What does it mean to be assertive? When I looked up the definition, there were some commonalities and some discrepancies between the definitions I found. In the Cambridge Dictionary, the definition is, “Someone who is assertive behaves confidently and is not frightened to say what they want or believe.” In the Collins English Dictionary, “Someone who is assertive states their needs and opinions clearly, so that people take notice.” If we combine the two definitions, we are looking at keywords that are powerful. Assertiveness is someone who is behaving confidently without fear, stating what they want and believe and expressing their needs and opinions so people take notice. We often admire someone who asserts themselves. If you are not asserting yourself, what does the assertive person have that you don’t? The answer? Inner self-confidence.
Self-confidence is the cornerstone of being assertive, and this is where you begin if you want to become assertive. Self-confidence and assertiveness are two competencies on many emotional intelligence assessments. Leaders need to be strong in both these areas, in addition to other areas, to be effective. Being assertive is not an all-or-nothing behavior, either. It can be like a sliding scale for some. If you score somewhere in between high and low on the EQ-i 2.0 assessment on being assertive, then you fit into this sliding scale domain.
What does in-between assertiveness look like? It is when you dance between speaking up without any fear of repercussions and when you choose to hold back and not say anything at all.
Many individuals I coach are fearful of confronting individuals in the workplace because they want to avoid conflict. Confronting does not have to be aggressive. There are techniques I teach my clients to be able to confront and avoid a conflict.
One skill I coach is to be inquisitive and curious. Asking questions about how someone arrived at a decision is not confrontational and gives room for the individual to explain themselves. Bringing awareness to a mistake made by asking questions allows for a teachable moment and could prevent future mistakes. In this way, the other person does not become defensive and communication is enhanced. Asking questions and being curious elevates the dialogue without pointing fingers.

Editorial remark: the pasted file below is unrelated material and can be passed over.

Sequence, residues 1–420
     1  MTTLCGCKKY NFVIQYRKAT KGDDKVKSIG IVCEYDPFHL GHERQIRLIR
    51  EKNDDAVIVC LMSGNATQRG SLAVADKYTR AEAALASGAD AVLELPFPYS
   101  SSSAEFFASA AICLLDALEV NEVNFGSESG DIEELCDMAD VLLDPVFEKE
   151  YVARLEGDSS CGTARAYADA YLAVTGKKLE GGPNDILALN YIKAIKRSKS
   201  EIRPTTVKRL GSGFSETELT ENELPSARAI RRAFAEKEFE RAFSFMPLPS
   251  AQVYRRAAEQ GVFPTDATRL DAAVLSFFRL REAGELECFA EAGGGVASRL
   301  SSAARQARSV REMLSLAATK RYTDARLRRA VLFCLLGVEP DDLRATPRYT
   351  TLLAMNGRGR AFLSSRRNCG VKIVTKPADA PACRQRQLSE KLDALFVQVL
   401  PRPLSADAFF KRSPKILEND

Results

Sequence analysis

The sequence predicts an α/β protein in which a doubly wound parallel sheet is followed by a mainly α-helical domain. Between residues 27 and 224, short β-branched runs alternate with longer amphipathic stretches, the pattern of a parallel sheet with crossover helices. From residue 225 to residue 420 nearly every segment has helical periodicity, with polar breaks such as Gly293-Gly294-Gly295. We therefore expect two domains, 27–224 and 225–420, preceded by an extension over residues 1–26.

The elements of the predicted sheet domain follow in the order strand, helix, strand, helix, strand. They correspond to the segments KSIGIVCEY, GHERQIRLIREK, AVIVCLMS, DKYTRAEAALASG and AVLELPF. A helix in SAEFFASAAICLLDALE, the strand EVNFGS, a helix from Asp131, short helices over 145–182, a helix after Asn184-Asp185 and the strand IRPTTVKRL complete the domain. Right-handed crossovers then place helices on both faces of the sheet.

Another area to consider in order to develop your assertiveness is to ask yourself the following questions:
- Am I confident in my skills and abilities? Do I know my worth?
- What are my limitations?
- Where am I able to share my opinion, and when do I keep quiet?
- What holds me back from stating what I want or asking for what I need?
- When I offer my viewpoint, do I say it confidently where people notice?
- Am I able to disagree with someone’s idea or suggestion, or do I hold my tongue?
- What does my body language say about my confidence?
Let’s look at these questions in-depth, starting with #1. When I begin coaching someone, I often ask, “What are the strengths you bring to your position at work?” Some know immediately, but others do not know. These are the individuals whose strengths are so innate in them, like a natural ability they have been doing most of their life, that they do not realize these qualities are strengths. When I point out to them this is one of their strengths, I hear, “Really? I’ve always done this.” It’s crucial to know your strengths, as many of the rest of the questions can then be addressed, increasing your assertiveness.
Knowing your strengths can increase your self-confidence and can facilitate asserting yourself in your strength area, and you can then calculate when to use this strength more effectively and possibly to your advantage to get noticed. You can then be more aware of who does not have this strength and be able to speak up for what you want or need, addressing question #4. When speaking up, your body language also needs to be congruent with your voice. Body language is a dead giveaway of whether you are truly confident in what you are saying or not.
Knowing your strengths will enable you to feel confident to voice your opinion and become the authority in this area, which addresses question #3. It will enable you to disagree if you own being the authority, humbly, which addresses question #6. Owning your strengths consciously gives you a feeling of worthiness where you can start asking for what you want and need. Doing this will move you from being a wallflower to being noticed and valued. Furthermore, knowing your strengths will give you insight into your limitations.
Feeling unworthy can lead to imposter syndrome, leading you to feel miserable at the end of the day. In my book, Cognitive Enlightenment: A Disciplining of Your Mind, I outline in detail the importance of changing from feeling unworthy or not good enough. It is a technique that, when applied, works. Changing the feeling of being unworthy and knowing your strengths and the value you bring in your position will increase your self-confidence. When you accomplish this, asserting yourself is the final step.
If you are someone who is sometimes assertive and sometimes not, look at yourself in those second situations and ask, “Why did I choose not to say anything?” These moments are opportunities for you to choose to adopt the curiosity and inquisitiveness to move you from silence to asserting yourself. To be or not to be assertive will no longer be the choice you make. Instead, you will move forward with the confidence you have cultivated to speak up by standing on the platform of your worthiness.